• Resource Owner (RO): This is the end-user. They are the one who owns the account data and grant access to their information on a particular platform. For instance, you might be the resource owner if you're granting a new app permission to access your photos on Facebook.
  • Client (C): This is the application requesting access to the user's data. It could be a mobile app, a website, or even another backend service. The client doesn't directly store the user's credentials; instead, it relies on tokens obtained through the OAuth flow.
  • Authorization Server (AS): This server is responsible for authenticating the resource owner (usually by prompting them to log in) and issuing access tokens. It acts as a trusted third party in the authorization process.  The authorization server is typically controlled by the platform where the user account resides (e.g., Facebook, Google).
  • Resource Server (RS): This server holds the protected resources that the client wants to access. These resources could be anything from a user's photo album to a list of contacts or even private documents. The resource server validates the access tokens issued by the authorization server before granting access to the requested resources.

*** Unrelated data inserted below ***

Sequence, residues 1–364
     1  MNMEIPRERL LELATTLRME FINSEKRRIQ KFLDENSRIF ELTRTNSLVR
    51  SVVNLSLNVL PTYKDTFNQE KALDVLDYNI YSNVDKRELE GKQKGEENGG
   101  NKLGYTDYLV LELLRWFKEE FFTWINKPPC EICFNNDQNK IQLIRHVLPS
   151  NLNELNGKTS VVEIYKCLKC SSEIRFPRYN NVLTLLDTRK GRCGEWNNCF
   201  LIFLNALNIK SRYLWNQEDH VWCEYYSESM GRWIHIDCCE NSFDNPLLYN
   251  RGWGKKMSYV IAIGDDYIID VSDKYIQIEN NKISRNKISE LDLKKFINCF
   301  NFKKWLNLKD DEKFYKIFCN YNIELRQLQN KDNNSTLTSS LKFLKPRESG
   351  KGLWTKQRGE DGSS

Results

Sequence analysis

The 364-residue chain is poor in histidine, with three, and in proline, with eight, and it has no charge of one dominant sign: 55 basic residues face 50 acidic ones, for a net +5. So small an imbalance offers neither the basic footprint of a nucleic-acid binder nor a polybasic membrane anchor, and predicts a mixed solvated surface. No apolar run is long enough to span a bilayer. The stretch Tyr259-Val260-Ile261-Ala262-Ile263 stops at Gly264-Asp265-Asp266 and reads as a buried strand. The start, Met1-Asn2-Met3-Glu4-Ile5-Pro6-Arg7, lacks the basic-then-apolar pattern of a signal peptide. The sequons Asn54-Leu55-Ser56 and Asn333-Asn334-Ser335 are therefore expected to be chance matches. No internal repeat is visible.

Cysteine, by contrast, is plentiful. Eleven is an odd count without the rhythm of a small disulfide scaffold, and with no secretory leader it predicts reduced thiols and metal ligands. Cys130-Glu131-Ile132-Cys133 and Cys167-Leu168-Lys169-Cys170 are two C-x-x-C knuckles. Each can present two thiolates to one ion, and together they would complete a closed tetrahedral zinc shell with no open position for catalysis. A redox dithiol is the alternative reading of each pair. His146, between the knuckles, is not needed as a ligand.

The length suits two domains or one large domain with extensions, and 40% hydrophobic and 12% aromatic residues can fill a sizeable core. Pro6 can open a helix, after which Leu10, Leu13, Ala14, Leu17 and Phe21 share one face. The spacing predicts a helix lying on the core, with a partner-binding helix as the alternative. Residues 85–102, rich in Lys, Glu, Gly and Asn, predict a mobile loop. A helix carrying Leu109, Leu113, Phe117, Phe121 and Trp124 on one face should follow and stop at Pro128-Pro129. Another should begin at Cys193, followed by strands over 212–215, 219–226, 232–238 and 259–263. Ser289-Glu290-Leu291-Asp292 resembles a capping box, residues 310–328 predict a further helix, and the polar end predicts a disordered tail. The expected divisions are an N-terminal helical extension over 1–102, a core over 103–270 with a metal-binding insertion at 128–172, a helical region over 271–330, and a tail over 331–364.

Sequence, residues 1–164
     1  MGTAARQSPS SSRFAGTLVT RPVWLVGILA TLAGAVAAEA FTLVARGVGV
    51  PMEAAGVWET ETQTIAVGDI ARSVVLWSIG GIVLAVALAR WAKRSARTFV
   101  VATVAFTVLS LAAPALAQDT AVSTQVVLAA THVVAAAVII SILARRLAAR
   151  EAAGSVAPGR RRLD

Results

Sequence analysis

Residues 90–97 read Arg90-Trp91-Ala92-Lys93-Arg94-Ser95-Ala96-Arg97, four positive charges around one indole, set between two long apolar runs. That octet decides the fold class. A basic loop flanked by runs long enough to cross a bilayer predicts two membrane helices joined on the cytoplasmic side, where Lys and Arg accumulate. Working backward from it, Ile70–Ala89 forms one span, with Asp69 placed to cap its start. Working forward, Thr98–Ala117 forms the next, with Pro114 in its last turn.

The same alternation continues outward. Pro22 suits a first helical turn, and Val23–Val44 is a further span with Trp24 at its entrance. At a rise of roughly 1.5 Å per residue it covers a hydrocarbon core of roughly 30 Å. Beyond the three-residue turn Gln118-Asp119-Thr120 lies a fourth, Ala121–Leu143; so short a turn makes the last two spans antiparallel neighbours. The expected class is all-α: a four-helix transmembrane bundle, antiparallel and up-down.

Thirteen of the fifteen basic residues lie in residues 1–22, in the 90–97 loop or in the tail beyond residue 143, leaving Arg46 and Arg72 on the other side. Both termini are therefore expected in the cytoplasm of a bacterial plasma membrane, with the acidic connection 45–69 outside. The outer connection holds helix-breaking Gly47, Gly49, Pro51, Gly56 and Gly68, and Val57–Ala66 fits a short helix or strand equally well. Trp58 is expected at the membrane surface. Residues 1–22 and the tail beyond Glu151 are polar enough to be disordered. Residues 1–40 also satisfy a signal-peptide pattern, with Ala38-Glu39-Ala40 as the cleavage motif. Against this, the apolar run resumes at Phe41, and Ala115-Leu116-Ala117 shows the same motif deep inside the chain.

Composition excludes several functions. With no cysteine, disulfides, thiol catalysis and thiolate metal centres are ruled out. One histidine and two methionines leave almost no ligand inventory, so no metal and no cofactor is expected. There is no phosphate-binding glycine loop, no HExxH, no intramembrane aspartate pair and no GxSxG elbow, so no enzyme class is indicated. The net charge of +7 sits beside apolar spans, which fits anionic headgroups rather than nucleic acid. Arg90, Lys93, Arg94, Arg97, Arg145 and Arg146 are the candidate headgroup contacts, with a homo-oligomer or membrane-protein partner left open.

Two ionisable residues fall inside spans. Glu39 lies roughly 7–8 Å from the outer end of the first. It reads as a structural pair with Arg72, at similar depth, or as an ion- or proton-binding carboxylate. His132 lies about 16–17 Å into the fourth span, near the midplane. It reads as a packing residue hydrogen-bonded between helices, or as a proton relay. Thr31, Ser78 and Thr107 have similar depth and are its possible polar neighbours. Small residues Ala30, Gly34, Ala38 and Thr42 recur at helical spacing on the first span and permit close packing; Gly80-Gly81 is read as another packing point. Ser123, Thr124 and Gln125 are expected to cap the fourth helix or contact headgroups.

Types of OAuth 2.0 Flows

Authorization Code Flow (Most Secure)


  1. A user interacts with the client application and initiates the authorization process.
  2. The client redirects the user to the authorization server's login page.
  3. The user logs in and grants access to the requested resources (scopes).
  4. The authorization server redirects the user back to the client with an authorization code.
  5. The client sends the authorization code and client credentials to the authorization server to request an access token and (optionally) a refresh token.
  6. The authorization server verifies the code and credentials, then issues access and refreshes tokens.